If you haven’t tried aerial yoga yet, you’re missing out on an experience like no other. Aerial yoga classes have become increasingly popular as people seek a way to expand their practice beyond the mat.

Aerial yoga uses fabric hammocks instead of traditional yoga mats to provide a unique and challenging workout that challenges your body in ways regular yoga never could. So how do you get started with aerial yoga? Here are some essential tips and poses to help you master this exciting new form of exercise and movement.

What Is Aerial Yoga?

Aerial yoga is the practice of yoga poses on a hammock or in a slingshot. Aerial yoga has many benefits for the mind and body and can be done at home with an aerial yoga hammock or professional aerial workout equipment.

Other names for aerial yoga are air yoga, gravity yoga, and flying yoga.

Aerial yoga[1] uses a sling or a silk hammock hanging from the ceiling to accomplish the same movements as traditional yoga poses on a mat. The hammock’s function is to support you as you practice yoga and to increase your flexibility and range of motion.

Additionally, the hammock relieves pressure from particular body parts, including the head and shoulders, making it easier to perform postures like headstands that are more difficult.

Aerial yoga poses need you to lift one body part off the ground, such as your foot or leg, even though most aerial yoga photographs you’ll encounter depict a yogi floating in midair.

Something to bear in mind when doing aerial yoga at home is that there should be nothing but space beneath the hammock; it includes furniture and other items because they could interfere with the height of the swing.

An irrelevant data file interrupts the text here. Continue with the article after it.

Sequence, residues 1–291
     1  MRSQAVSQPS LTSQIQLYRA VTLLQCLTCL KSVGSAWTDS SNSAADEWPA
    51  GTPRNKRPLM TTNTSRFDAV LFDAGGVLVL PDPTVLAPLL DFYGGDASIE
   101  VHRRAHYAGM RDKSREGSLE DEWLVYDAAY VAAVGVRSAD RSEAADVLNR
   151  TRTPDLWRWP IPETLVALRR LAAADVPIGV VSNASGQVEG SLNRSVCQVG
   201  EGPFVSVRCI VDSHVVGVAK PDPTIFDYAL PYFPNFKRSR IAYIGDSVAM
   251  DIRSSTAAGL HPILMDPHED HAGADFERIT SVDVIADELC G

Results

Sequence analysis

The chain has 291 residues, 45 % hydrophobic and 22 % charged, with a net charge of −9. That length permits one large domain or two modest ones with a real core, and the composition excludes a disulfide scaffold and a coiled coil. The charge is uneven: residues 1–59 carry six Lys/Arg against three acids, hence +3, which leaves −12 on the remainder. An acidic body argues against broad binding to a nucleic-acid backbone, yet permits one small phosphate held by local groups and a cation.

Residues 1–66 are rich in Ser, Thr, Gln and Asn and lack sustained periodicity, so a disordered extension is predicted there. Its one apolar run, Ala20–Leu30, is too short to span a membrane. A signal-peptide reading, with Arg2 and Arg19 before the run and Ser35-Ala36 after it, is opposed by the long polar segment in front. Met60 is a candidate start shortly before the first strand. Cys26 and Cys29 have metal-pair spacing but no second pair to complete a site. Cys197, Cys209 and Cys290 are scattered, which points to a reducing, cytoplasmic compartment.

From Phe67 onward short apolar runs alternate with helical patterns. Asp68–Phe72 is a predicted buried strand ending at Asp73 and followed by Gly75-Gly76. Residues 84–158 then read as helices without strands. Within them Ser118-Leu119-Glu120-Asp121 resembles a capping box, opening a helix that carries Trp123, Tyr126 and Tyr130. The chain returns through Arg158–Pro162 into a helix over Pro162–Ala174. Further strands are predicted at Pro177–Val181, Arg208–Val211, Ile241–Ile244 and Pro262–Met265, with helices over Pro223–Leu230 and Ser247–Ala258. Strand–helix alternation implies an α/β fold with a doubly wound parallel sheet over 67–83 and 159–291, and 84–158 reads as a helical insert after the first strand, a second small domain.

In addition, aerial fitness enthusiasts should remember that some health risks are involved when using this exercise technique. Make sure you’re healthy enough before attempting aerial yoga without supervision.

The History Of Aerial Yoga

Aerial yoga has been around since the 1900s and is making a resurgence in the fitness world. Aerial yoga utilizes hammocks or yoga swings for low-impact stretching, balancing, and strength training. The benefits of aerial yoga are vast because it allows you to lengthen your muscles in ways that are impossible on the ground.

So aerial yoga is an excellent choice whether you’re looking for relaxation, rehab, or want to mix up your workout routine. Michelle Dortignac developed aerial yoga in 2006 by fusing ballet, pilates, and traditional yoga poses with a hammock. A physical therapist and Florie Ravinet worked together to create Fly Yoga in 2009 in France. It has been “authorized by health specialists.”

Aerial Yoga Vs. Classic Yoga

Practice Yoga

Aerial yoga is a practice that incorporates yoga poses with the use of aerial equipment, such as hammocks, trapeze bars, and silk fabric. The aerial yoga benefits include increased flexibility, strength, and balance. One of the main differences between classic and aerial yoga is the lack of gravity on an aerial mat.

It allows for an improved range of motion in poses that would otherwise be restricted by gravity. The equipment also provides a prop for some postures, making it easier to hold them longer without getting tired. In addition, aerial yoga poses can be controlled much closer to the ground than regular yoga poses.

Finally, with many moves being more effortless due to the lessened gravitational pull from a yoga swing, aerial yoga requires less body weight or strength, making it accessible for people with limitations or injuries preventing them from practicing other forms of yoga like Bikram Yoga or Ashtanga Yoga.

Physical Benefits Of Aerial Yoga